As a child I chatted on chat rooms that mostly had adults, since there weren't many child-only chat rooms back then. I was probably a little older then your daughter, but not by much, then and I had some people who I would have potentially called friends, and it didn't seem to mess me up too much ;).
I'm personally a 32 year old man who volunteers with children regularly. I use to have 7 or 8 year olds recognize me and run up to play with me when I went to places like my church or the school where I mentored. We would talk and play all the time, and I don't think the kids were harmed by it. I did it because I liked kids, didn't mind an excuse to play like a big kid myself on occasions, and yes liked to help children teach children positive behaviors and messages (mostly the kids new me as a Sunday school teacher or as a mentor depending on context).
In addition I spend plenty of time online, and likely have made friends with young children, not that I always new the age of people online or remember all of them. I know when I played EverQuest one of the people I played with was a 14-15 year old girl, so not much older then your daughter, and while I didn't play with her as much as some others we got along well and did talk. In addition as a side effect of my volunteering and education I provide online, which is geared to adults, I have been contacted by older teenagers as well. Usually these discussions are short, my answering a specific question or two and being done, but I have had situations where a teenage contacted me that was clearly headed towards a bad decision where I took a little longer to speak with them, developing a bit of a friendship to prove I'm not one of those adults that 'just don't understand' and that they could listen to me, in order to try to guide them towards safer decision when necessary (I had no means to contact parents about my concerns since I didn't know their real identities).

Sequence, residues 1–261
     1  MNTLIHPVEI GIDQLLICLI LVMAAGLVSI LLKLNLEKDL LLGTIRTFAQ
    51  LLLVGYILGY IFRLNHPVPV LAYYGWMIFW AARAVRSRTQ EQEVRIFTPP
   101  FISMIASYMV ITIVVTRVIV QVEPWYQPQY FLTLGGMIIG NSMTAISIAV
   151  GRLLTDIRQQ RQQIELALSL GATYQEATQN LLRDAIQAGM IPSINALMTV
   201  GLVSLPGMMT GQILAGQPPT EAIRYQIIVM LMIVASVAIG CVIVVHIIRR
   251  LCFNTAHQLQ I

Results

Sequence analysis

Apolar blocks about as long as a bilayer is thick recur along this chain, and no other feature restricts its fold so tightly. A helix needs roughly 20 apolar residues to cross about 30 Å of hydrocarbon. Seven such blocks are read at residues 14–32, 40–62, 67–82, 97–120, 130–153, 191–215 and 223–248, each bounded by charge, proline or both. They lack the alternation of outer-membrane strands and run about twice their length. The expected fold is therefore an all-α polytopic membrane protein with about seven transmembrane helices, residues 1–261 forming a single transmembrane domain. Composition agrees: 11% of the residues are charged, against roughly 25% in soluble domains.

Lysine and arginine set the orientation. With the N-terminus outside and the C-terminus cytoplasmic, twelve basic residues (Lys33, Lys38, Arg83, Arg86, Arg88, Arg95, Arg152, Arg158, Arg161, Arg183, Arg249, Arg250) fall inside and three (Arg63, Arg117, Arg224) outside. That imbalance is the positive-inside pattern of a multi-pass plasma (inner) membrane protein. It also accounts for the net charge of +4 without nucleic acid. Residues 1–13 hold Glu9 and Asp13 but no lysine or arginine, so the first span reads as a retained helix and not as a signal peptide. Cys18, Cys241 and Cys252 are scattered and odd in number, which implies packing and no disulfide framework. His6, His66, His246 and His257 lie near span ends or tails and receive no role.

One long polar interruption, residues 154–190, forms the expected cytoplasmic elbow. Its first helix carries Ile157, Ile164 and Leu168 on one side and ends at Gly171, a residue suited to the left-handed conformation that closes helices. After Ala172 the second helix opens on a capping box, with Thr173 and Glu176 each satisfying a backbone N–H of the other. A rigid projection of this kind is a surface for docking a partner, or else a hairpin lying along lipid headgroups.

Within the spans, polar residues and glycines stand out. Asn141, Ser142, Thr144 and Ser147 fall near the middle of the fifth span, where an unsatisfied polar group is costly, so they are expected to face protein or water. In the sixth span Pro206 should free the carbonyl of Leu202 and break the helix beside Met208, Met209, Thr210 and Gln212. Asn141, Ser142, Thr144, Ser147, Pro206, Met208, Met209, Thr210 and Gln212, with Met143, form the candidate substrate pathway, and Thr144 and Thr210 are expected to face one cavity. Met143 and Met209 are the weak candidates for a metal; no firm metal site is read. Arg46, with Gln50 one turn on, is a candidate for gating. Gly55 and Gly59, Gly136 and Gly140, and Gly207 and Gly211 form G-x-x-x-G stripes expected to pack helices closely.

I don't recall specifically having been in the situation of having regular contact with someone quite as young as your daughter solely through the internet, but I don't think it would be harmful if I was. Most people are decent folks, and some people may simply be friendly or enjoy a child's conversations, from simple friendship to common interest to even wanting to offer their knowledge and years of experience to help educate/mentor someone younger. I don't think you would have a problem with your daughter talking to an adult in person often, does the internet really change that?
And if you have an issue with your daughter having a friend who is older, well generally I don't have a problem with that so long as I know the original cause of the friendship and some context (I would be more cautious with an adult friend in person then online, but still not necessarily concerned). The whole Stranger Danger concept was drastically blown out of proportion by news sharing the stories about extremely rare abductions whenever they happen, making people think of them as more common then they are because we hear of them on the news and forget how many hundreds of thousand of normal interactions with strangers are happening every day that the news doesn't report because it's not interesting. Some reasonable discussion over friends is needed, but there is no reason to presume negative motives when 99.9% of the population wouldn't have them!